Points for Consideration in Application for Rejection of Plaint under Order 7 Rule 11 of Civil Procedure Code: Delhi High Court

High Court of Delhi
PC: High Court of Delhi
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  • Post published:January 22, 2022
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The Court observed that, for the purposes of rejection of plaint under Order VII Rule 11 of the CPC, the Court is duty bound to consider the contents of the plaint, and not to examine the sufficiency of the evidence or the defence put forth by the defendant

In the instant case, the application of the petitioners/defendants in terms of Order VII Rule 11 was rejected by the trial Court. Aggrieved with the order, the petitioners invoked the Supervisory jurisdiction of the High Court under Article 227 of the Constitution by filing the instant petition.

Matter before the Trial Court:

The respondents/plaintiffs had filed a suit wherein they claimed to be the owners in possession of undivided shares in land measuring about 800 Bighas in various Khasra Nos. in village Gokulpur, Delhi.

In the suit, the principal claim of the plaintiff was a declaration against a sale deed executed by one M/s G. S Kashyap and sons in favour of the petitioner no. 1 herein and and as also an injunction against the petitioners from creating third-party interests in the said land.

The plaintiffs had also made three applications for injunction under Order XXXIX Rules 1 and 2 of the CPC.

The petitioners after filing written statement had also made an application under Order VII Rule 11 of the CPC. In the said application, the petitioners contended that the plaintiffs had filed no title documents in support of their claim of ownership, and had only filed revenue records which were insufficient to establish title. It was further submitted that the plaintiffs’ claim of possession was false.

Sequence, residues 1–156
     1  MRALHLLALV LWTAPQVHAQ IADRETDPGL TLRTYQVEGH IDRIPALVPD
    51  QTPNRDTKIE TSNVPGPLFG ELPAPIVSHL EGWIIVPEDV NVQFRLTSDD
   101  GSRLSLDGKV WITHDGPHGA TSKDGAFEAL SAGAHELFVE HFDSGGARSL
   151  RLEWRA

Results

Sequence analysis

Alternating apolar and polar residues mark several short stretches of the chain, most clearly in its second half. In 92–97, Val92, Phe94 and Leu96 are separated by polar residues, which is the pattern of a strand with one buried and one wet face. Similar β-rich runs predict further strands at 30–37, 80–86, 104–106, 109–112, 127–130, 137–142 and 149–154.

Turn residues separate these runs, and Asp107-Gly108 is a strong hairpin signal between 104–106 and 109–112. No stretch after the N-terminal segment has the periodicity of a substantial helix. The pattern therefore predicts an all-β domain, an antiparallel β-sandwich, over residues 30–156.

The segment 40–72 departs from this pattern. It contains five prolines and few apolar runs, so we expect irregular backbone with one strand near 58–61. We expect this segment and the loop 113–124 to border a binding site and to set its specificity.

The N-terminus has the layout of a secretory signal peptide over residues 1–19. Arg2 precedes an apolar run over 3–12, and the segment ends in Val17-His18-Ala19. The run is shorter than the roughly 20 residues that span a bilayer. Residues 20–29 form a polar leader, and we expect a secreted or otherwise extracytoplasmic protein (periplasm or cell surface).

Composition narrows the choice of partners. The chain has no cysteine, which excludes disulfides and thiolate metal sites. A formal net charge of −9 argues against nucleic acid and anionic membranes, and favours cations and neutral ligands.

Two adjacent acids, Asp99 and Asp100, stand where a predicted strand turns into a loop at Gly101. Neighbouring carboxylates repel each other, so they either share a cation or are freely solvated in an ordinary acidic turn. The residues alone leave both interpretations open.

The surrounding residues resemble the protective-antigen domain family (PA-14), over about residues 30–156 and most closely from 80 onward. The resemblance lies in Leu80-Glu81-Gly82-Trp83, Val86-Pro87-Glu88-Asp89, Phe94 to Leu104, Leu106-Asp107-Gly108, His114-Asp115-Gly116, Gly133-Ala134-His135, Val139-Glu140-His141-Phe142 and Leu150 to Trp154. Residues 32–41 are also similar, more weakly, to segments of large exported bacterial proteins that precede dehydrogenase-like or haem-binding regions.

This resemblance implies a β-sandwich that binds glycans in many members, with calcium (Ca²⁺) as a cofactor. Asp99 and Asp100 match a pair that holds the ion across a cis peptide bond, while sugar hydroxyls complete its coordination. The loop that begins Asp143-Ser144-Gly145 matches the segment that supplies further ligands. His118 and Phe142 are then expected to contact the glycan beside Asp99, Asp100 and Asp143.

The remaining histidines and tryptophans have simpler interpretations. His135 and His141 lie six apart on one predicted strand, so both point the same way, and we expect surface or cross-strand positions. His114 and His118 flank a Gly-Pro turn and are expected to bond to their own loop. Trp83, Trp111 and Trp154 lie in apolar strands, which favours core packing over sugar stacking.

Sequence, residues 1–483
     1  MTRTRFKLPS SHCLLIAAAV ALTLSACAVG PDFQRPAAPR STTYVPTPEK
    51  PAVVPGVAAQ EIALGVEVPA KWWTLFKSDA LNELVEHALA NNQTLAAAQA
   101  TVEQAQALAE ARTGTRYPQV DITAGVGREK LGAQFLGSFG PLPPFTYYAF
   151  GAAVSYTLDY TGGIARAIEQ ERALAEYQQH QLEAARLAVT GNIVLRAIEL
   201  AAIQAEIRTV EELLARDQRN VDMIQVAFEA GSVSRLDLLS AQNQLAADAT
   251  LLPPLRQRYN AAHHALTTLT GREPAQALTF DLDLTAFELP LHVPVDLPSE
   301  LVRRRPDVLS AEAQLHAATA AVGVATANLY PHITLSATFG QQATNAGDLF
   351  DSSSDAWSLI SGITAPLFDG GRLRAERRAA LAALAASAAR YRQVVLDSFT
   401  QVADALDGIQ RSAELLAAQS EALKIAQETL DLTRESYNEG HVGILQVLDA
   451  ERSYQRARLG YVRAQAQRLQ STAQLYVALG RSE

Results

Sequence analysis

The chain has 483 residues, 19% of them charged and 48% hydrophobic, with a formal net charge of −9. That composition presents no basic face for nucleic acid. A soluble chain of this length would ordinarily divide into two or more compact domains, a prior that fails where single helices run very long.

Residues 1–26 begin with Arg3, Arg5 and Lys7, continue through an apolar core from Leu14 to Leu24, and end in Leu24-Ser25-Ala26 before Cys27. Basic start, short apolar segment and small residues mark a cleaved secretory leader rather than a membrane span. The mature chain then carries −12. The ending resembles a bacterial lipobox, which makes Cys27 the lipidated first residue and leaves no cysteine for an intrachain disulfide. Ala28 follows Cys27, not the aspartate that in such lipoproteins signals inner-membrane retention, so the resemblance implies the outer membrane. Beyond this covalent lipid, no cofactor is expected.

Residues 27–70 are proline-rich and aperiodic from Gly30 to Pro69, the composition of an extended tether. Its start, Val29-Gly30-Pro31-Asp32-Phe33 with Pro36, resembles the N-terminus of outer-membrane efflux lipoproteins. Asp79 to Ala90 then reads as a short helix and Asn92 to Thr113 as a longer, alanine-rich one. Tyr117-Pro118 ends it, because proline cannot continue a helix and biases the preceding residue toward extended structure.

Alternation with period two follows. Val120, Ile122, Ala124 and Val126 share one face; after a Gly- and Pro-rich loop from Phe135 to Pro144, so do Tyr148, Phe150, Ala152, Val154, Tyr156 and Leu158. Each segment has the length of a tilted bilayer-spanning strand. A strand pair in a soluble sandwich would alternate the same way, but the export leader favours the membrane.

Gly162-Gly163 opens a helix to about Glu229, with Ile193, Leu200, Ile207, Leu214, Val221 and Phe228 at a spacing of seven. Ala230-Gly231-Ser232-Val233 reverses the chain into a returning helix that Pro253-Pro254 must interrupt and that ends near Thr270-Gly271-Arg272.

However, the trial Court rejected the application of the petitioners under Order VII Rule 11 of the CPC and recorded the following findings;

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a) Although the Trial Court has found that the plaintiffs have not filed any registered documents or title documents pertaining to the suit property, it has been held that the sufficiency of the evidence placed by the plaintiffs is required to be considered at trial and not in an application for rejection of the plaint.

b) The Trial Court has found that the plaintiffs have made a categorical statement in the plaint that they are in possession of the suit property, and that the veracity of the said contention cannot be adjudicated in an application under Order VII Rule 11 of the CPC.

c) On the petitioners’ contention regarding limitation, the Trial Court has found that it is a mixed question of law and fact, which must be considered after evidence.

d) The petitioner had also raised an argument regarding the maintainability of the suit in view of the provisions of the Delhi Land Reforms Act, 1954 [“DLR Act”]. The said plea has also been rejected on the grounds that the plaintiffs had averred in the plaint that the suit property falls within the limits of the Municipal Corporation by reason whereof the DLR Act could not apply.

Observations of the Court:

At the outset the Court said that there is no jurisdictional infirmity in the impugned order so as to exercise the supervisory jurisdiction of this Court under Section 227 of the Constitution.

However, the Court after referring to the judgments in Saleem Bhai and Others vs. State of Maharashtra and Others, Popat and Kotecha Property vs. State Bank of India Staff Association and Urvashiben and Another vs. Krishnakant Manuprasad Trivedi observed that, for the purposes of rejection of the plaint under Order VII Rule 11 of the CPC, the Court is duty bound to consider the contents of the plaint, and not to examine the sufficiency of the evidence or the defence put forth by the defendant.

While explaining the distinction between the provisions contained in Order VII Rule 11 and Order XXXIX Rule 1 and 2 of the CPC, the Court observed that the relevant standard by which the plaintiff’s case is adjudged under the two provisions are entirely different.

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For the purposes of an order under Order VII Rule 11 of the CPC, the Court must come to the conclusion that the plaint is required to be rejected i.e., that the suit must terminate right there. In the plaintiffs’ applications under Order XXXIX Rules 1 and 2 of the CPC, however, the examination is as to whether a prima facie case has been established by the plaintiffs in their favour.

As in the present case, it is quite possible that the Court would find against the plaintiffs on the question of prima facie case and yet find that the plaint is not liable to be rejected under Order VII Rule 11 of the CPC.

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Case Details:
Case Title & No: Capital Land Builders Pvt Ltd & Ors vs Shiv Kumar Jindad & Ors (CM(M) 69/2022)
Coram: Justice Prateek Jalan
Date of Judgment: 19-01-2022